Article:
Analysts Upbeat on EMC's Smarts BuyBy Karen Schwartz | Print
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EMC's latest tech acquisition could make the vendor's SAN management software the top of the heap, analysts say. The move could spark a software buying spree among competitors.Storage vendor EMC Corp. continues its metamorphosis into a software company with another acquisition. Analysts said its Tuesday purchase of Smarts Inc. provides a long-needed enhancement to the intelligence of its core-event management and correlation technologies.
Analysts said the move, the latest in EMC's software acquisitions this year, may spark similar moves for intelligent storage management technology from its competitors.
"[EMC] needed to fill a hole in their product set," said John Webster, senior analyst with Data Mobility Group of Nashua, N.H.
"The technology presents what is really happening in the environment, the topology view of where it's happening, the application view of what it affects within the IT system, a dashboard view of the impact based on the interrelationships, and the business view of why it matters," explained EMC vice president Howard Elias. "It's that combination approach that allows you to take the appropriate action in an increasingly automated way."
To extend its reach beyond storage probably was the main driver for EMC's acquisition, said Michael Karp, senior analyst with Enterprise Management Associates of Westboro, Mass. The company is continuing its push into the area of utility computing.
"It allows them to look at more of the overall enterprisean absolute necessity if they are to be thought of as a key player in providing utility services," he said.
The Smarts acquisition is a recognition by EMC that LAN/WAN infrastructure behavior will continue to impact storage-centric functions such as backup, replication, migration and even centralized management of distributed SAN (storage area networks) and NAS (network-attached storage)," noted William Hurley, a senior analyst with Enterprise Strategy Group of Milford, Mass.
EMC plans to integrate Smarts' modeling and correlation technologies into its own offerings, eventually enabling EMC's storage management software to intelligently correlate, determine root cause problems and present a plan of action for critical problems across the storage network, Elias said. Since the technology can gather events and apply the correlation technology to any component of the infrastructurephysical or virtualit will be able to work well with the VMware Inc.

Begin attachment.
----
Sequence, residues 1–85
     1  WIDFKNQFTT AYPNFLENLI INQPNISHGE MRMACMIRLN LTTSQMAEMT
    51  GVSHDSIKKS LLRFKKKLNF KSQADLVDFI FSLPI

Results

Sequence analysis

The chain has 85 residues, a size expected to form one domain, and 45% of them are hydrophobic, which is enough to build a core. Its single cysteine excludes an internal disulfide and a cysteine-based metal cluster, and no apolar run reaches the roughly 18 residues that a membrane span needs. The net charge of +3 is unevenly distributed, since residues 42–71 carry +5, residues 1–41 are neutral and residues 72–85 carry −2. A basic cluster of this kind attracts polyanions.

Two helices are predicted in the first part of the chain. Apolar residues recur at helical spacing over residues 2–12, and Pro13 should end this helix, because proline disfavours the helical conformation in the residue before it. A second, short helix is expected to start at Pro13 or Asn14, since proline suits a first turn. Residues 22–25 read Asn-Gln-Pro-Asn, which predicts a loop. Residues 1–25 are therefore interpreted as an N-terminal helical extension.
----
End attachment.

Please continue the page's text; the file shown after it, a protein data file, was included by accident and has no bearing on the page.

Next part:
Analysts said the integration of Smarts technology into EMC's product lineup may make EMC's software both more robust and a premier choice for managing centralized, heterogeneous storage. It could rise to become the "manager of managers," essentially the master console in environments with legacy systems management products, Hurley said.
EMC's acquisition of Smarts follows many others this year, including VMWare,
"VMware in particular is causing both customers and vendors to think differently about the IT ecosystem architecture and the management of this new model," he said. "We see a strong complement between robust, centralized discovery, event correlation and service analysis and the adoption of virtualized infrastructure."
According to Webster, the Smarts acquisition will cause EMC's competitorsnotably Hewlett-Packard Co., IBM and BMC Software Inc.to sit up and take notice. "This could be powerful stuff when integrated with other storage network management tools," Webster said.
Meanwhile, EMC's move may spark EMC's competitors to consider acquiring like functionality from companies such as Onaro Inc. of Boston, Mass. Any vendor that sees storage management as strategically important will be on the lookout for a likely candidate, Webster said. The EMC deal is expected to close in the first quarter of 2005, officials said.
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